The present invention relates to a method and an apparatus for dynamic power control for a vehicle with a fuel cell which supplies electrical energy to the vehicle.

An article by P. Agarwal in IEEE Transactions on Power Apparatus and Systems, 88 (1969) 2, pp. 88-93, proposes a vehicle which is driven by an electric motor supplied with electrical energy via fuel cells. In order to control the power of the electric motor, and thus of the vehicle, it is suggested to transform the fixed voltage supplied by the fuel cell with the aid of a voltage transformer as a function of the power request. The disadvantage with this system is the low efficiency in the partial-load range.

Therefore, an object of the invention is to provide a method and an apparatus in which the power of a vehicle with a fuel cell can be controlled dynamically and with optimum utilization of the electrical energy produced.

The foregoing object has been achieved in accordance with the present invention by providing that the maximum electrical power made available by the fuel cell is fed to the electrical drive unit, and the power is set by controlling the oxidant flow rate, i.e. air intake flow rate.

By virtue of the control of the vehicle power by way of the rate of oxidant flow, it is ensured that the entire electrical energy made available by the fuel cell is supplied to the drive unit under all operating conditions, and the energy used is thus utilized to an optimum degree. For this purpose, it is within the scope of the present invention that the prescribed set value for the power is to be limited as a function of operating parameters. As a result, the fuel cell is prevented from producing more electrical energy than the drive unit can instantaneously absorb because of, for example, overloading. In order to prevent the drive unit requiring more electrical energy than the fuel cell is instantaneously supplying, it is, of course, also necessary for the set value which is transmitted to the drive unit by the driver to be corrected or limited. The arrangement of a compressor with an adjustable rotational speed in the oxidant intake line constitutes one simple and advantageous way of controlling the oxidant flow rate.

BRIEF DESCRIPTION OF THE DRAWINGS

These and other objects, features and advantages of the present invention will become more readily apparent from the following detailed description thereof when taken in conjunction with the accompanying drawings wherein:

FIG. 1 is a schematic view of a fuel-cell system which is arranged in a vehicle in accordance with the present invention; and

FIG. 2 is a diagram in block form of a method according to the present invention for power control of a vehicle fuel cell.

DETAILED DESCRIPTION OF THE DRAWINGS

Referring now to FIG. 1, a fuel such as, for example, hydrogen gas, is fed to the fuel cell designated generally by numeral 1 via a first feed line 2 in which a valve 3 and a pressure controller 4 are arranged. In addition, an oxidant, e.g. oxygen or ambient air, is fed to the fuel cell 1 via a second feed line 5 in which an air filter 6, an air flow rate meter 7 and a compressor 8 are arranged. In the fuel cell 1, the fuel is oxidized at the anode and the oxidant is reduced at the cathode. In this electrochemical reaction, a voltage is produced between the two electrodes. By connecting many such cells in parallel or in series to form a so-called stack, voltages and currents can be obtained which are large enough to drive a vehicle.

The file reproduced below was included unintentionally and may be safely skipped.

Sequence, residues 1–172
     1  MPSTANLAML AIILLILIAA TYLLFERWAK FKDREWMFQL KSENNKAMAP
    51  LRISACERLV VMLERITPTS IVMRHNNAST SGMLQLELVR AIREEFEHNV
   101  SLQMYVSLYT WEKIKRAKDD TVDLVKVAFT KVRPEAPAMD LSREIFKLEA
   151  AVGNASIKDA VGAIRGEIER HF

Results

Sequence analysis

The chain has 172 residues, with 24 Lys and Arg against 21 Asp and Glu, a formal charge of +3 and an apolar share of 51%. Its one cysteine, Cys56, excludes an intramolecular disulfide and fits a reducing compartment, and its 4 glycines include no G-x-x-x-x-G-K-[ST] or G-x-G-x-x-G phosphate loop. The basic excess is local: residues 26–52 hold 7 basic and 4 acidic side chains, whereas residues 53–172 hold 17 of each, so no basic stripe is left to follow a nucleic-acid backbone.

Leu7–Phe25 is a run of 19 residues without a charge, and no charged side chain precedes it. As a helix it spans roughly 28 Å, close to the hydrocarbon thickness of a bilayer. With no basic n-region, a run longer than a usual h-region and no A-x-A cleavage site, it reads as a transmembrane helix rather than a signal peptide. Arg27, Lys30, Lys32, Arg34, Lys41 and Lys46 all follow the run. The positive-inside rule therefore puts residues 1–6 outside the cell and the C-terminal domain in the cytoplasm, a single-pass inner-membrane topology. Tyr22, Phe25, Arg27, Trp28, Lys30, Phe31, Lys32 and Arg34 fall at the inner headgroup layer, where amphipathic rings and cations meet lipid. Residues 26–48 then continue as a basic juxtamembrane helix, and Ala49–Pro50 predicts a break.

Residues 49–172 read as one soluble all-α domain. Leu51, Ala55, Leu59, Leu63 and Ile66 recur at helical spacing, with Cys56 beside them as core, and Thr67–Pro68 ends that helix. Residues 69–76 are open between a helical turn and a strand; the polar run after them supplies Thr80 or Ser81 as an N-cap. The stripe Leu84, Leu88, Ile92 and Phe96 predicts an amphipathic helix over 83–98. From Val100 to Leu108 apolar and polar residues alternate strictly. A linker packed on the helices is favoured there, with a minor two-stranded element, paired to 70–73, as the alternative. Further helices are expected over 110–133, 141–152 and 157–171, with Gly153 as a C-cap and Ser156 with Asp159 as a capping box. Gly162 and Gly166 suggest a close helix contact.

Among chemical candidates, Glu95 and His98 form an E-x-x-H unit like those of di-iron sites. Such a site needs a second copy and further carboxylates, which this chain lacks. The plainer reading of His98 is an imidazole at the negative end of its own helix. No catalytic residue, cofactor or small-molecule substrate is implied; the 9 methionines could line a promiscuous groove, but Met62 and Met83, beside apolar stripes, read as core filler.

A starter motor 9 and an electric motor 10 are provided to drive the compressor 8. In order to start the fuel cell 1, the starter motor 9 is supplied with current by a conventional 12v starter battery (not illustrated). During normal operation, the electrical energy required to operate the electric motor 10 is then supplied by the fuel cell 1 itself. With the aid of a current controller 11 which is driven by a control unit 12, the rotational speed n of the electric motor 10, and thus also of the compressor 8, can be controlled. The oxidant flow rate mact, and thus the power pBZ of the fuel cell 1 can be influenced via the rotational speed n of the compressor 8.

The air is conducted away from the fuel cell 1 via a first outflow line 15. Arranged in this first outflow line 15 is a pressure control valve 16 to aid in maintaining a constant operating pressure p in the fuel cell 1. In order to remove possible deposits or impurities of the hydrogen gas from the fuel cell 1, there is provided a second outflow line 13 in which is arranged a so-called purge valve 14. In order to drive the vehicle, a drive unit 17, consisting of a second current controller 18 and an electric motor 19, is provided.

The control unit 12 receives, via electrical lines, information on the instantaneous actual value mact act of the air flow rate, the operating state of the drive unit 17, the voltage U produced by the fuel cell 1 and the corresponding current I. This information is processed in the control unit 12 and is used to generate control signals for the current controllers 11 and 18, the valves 3 and 14 and the starter motor 9. These control signals are, in turn, transmitted to the individual components via appropriate lines.